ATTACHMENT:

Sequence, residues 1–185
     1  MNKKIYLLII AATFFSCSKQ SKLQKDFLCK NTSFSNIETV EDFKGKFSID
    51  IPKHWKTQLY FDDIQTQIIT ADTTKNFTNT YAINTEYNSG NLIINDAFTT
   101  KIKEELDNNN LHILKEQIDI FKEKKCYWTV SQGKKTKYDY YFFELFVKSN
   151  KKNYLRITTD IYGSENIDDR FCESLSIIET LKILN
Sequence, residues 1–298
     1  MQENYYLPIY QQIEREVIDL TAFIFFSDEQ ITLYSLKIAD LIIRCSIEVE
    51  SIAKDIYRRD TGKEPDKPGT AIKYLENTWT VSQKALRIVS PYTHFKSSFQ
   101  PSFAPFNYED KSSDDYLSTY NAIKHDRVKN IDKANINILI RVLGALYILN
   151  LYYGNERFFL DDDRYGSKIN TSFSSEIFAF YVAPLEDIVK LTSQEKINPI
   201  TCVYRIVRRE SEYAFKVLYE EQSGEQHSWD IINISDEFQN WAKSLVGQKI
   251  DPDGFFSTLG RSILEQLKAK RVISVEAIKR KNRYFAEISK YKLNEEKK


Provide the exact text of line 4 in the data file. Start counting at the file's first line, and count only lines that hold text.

   101  KIKEELDNNN LHILKEQIDI FKEKKCYWTV SQGKKTKYDY YFFELFVKSN